3 Of The Most Common Mistakes Online Entrepreneurs Make

3 common mistakes online entrepreneurs makeEvery internet entrepreneur has been there…

The day you come up with a great new idea for your internet business, you rush to the nearest computer to register a domain (assuming it’s available), and voila, your internet business is born.

Unfortunately, most internet entrepreneurs don’t have the happy ending that all of you are looking for. A quick google search of “what percentage of internet businesses fail?” indicates a slew of articles showing anywhere from 80%-97% failure rate for online businesses.

But… let’s say for the sake of argument that you are in that small minority of internet businesses that actually do succeed. (Hey, I’m still an optimist!) What can you do, from a purely legal standpoint, to not only increase your odds of success, but also protect your business after you do become a success?

Do these things and don't make the common mistakes online entrepreneurs make

Here’s a quick list of 3 things you can do to protect your business AND increase your likelihood for success at the same time.

1. Take some time to properly validate your business idea.

Do yourself a favor and validate your business idea with at least 20 members of your target market before you even start to consider registering that domain name.

Ok, this isn’t a legal tip, but it’s certainly a good practical tip that you should take note of. And failing to properly validate a business idea is one of the single biggest causes of failure for an online business. You rush out there, ready to hit the market with the next biggest business idea since sliced bread, (or so you think), only to be met with complete and utter silence from the market.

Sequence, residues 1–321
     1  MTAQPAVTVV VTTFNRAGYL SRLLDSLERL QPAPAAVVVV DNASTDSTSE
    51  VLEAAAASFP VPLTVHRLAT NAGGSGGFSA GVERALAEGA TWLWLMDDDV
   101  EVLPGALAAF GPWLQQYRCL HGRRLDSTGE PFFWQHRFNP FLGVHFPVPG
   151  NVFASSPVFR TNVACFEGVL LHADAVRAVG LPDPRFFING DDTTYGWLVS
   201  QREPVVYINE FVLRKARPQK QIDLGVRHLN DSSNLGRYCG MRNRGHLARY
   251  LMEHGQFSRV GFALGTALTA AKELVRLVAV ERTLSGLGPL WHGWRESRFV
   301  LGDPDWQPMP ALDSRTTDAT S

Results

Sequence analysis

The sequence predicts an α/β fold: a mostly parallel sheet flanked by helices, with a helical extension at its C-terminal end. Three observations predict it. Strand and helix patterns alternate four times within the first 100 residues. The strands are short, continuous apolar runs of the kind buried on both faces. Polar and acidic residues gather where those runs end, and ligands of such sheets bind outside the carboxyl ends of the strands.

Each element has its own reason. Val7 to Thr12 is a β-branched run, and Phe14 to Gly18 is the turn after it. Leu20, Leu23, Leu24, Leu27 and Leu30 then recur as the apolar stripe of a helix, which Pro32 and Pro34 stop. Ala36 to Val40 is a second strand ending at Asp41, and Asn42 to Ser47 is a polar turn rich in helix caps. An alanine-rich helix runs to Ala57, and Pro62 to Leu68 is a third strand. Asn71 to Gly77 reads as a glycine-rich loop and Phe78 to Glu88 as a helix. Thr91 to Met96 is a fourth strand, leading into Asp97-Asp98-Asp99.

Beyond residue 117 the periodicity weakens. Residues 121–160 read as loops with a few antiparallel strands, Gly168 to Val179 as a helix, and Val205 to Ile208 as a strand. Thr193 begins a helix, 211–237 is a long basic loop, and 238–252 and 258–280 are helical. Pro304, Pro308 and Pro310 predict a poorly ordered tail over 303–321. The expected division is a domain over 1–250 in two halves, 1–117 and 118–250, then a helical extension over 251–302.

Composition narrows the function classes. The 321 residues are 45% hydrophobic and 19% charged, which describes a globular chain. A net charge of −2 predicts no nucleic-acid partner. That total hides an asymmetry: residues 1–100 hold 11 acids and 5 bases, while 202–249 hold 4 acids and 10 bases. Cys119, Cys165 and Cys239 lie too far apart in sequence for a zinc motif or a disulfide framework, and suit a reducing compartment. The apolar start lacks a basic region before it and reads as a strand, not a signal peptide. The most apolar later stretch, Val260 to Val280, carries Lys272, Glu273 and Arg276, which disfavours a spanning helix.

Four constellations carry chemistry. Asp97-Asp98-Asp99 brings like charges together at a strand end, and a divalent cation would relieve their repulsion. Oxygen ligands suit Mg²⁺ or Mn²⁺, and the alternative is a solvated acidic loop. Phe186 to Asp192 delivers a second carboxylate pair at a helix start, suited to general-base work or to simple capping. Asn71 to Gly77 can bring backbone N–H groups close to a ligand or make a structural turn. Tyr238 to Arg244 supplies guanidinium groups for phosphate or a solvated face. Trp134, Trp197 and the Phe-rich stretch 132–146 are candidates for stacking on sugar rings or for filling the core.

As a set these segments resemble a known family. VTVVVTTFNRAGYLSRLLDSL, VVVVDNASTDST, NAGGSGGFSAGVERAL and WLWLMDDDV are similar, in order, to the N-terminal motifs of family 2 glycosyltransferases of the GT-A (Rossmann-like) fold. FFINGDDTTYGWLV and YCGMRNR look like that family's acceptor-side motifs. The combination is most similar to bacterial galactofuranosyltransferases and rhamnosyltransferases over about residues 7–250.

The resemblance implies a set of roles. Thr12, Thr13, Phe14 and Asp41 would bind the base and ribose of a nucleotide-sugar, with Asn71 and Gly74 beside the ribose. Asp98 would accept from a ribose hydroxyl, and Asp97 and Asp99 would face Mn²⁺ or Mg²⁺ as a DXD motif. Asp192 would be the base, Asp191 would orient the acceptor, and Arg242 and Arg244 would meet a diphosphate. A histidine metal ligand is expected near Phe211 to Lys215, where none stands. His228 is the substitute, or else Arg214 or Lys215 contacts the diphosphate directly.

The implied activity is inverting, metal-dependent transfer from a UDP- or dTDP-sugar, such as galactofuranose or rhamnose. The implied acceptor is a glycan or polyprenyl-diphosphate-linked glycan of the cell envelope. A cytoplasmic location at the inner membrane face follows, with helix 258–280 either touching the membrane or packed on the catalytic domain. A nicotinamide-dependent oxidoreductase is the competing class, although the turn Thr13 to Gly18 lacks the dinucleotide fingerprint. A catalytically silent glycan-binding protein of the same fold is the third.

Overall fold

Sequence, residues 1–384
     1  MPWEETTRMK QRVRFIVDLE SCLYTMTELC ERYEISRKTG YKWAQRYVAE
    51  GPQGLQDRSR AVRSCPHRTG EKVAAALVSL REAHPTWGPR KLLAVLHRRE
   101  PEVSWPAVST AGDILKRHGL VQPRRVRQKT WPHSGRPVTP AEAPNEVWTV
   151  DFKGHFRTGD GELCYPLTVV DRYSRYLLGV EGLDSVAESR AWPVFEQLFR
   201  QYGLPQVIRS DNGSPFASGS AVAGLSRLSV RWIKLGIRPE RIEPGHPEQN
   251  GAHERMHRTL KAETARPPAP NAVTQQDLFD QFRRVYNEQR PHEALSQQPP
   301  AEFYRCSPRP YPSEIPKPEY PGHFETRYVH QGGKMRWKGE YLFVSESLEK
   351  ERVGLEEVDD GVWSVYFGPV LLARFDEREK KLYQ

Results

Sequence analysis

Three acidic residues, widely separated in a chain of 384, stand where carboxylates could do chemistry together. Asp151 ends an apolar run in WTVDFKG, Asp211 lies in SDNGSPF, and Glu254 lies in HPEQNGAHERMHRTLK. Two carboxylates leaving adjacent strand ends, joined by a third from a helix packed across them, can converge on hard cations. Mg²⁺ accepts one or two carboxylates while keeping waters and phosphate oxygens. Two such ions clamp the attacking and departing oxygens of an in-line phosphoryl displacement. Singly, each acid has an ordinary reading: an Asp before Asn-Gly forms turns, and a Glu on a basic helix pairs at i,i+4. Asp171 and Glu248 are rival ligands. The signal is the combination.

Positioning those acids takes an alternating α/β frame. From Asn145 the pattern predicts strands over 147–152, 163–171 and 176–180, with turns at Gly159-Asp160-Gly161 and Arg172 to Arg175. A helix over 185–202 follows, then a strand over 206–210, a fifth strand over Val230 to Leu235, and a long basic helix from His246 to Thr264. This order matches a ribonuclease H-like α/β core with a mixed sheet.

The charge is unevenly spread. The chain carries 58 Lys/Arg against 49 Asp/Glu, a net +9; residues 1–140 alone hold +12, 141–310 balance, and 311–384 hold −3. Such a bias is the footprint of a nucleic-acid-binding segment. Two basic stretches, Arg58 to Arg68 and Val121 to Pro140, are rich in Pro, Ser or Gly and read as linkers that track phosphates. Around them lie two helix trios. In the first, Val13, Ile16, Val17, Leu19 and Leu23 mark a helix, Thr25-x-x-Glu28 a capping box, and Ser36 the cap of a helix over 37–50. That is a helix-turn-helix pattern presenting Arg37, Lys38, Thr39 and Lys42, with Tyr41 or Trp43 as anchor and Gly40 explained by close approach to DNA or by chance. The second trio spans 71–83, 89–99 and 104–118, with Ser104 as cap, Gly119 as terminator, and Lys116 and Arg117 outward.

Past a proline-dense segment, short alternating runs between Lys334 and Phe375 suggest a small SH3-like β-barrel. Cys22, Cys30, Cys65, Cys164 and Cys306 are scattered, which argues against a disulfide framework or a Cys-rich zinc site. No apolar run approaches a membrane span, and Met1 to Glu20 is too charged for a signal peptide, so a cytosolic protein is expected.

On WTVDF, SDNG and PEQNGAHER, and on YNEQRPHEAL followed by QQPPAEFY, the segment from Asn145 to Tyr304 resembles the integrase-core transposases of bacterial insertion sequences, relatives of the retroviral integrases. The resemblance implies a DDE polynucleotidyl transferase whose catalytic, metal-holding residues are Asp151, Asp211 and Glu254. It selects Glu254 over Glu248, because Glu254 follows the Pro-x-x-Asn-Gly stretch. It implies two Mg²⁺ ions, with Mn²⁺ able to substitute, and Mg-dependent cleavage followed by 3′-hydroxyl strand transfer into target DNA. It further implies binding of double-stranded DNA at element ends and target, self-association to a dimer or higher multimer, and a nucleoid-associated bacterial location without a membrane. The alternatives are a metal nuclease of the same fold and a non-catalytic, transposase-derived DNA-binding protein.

Unfortunately for you, you are dead in the water before you even got a chance to turn the motor on…Idea validation is a crucial component to business success, which is why I list it number one on this list of common entrepreneurial pitfalls.

Most, if not all, of the most successful internet entrepreneurs out there have learned from this mistake before becoming successful in their internet businesses.

Ramit Sehti, author of “I Will Teach You to Be Rich,” even goes so far as to share with his audience some of his catostrophic business failures.

Don’t make this simple and easily avoidable mistake. Do yourself a favor and validate your business idea with at least 20 members of your target market before you even start to consider registering that domain name.

2. Make sure that you aren’t violating someone else’s intellectual property.

Ok. So let’s say that you did come up with a pretty good idea, and that you have validated that idea with the market. What’s next?

You have to come up with a name.

One of the most important steps in choosing a business name is to make sure you aren’t choosing a name that is already protected by another competing business. What do I mean by this?

Well, let’s say you have a great idea for a doggie daycare center. You’ve researched your market, and have talked to lots of your friends who just happen to be dog owners, and they can’t wait to come visit your new doggie daycare. So you invest some capital, rent some space, and within a couple of weeks you are opening the doors to “Starbarks”, a dog daycare center in Algonquin, Illinois.

Let’s fast-forward a couple months. Things are going well, you are making sales, life is good. You can see the light at the end of the tunnel. Maybe this entrepreneurial thing can actually work?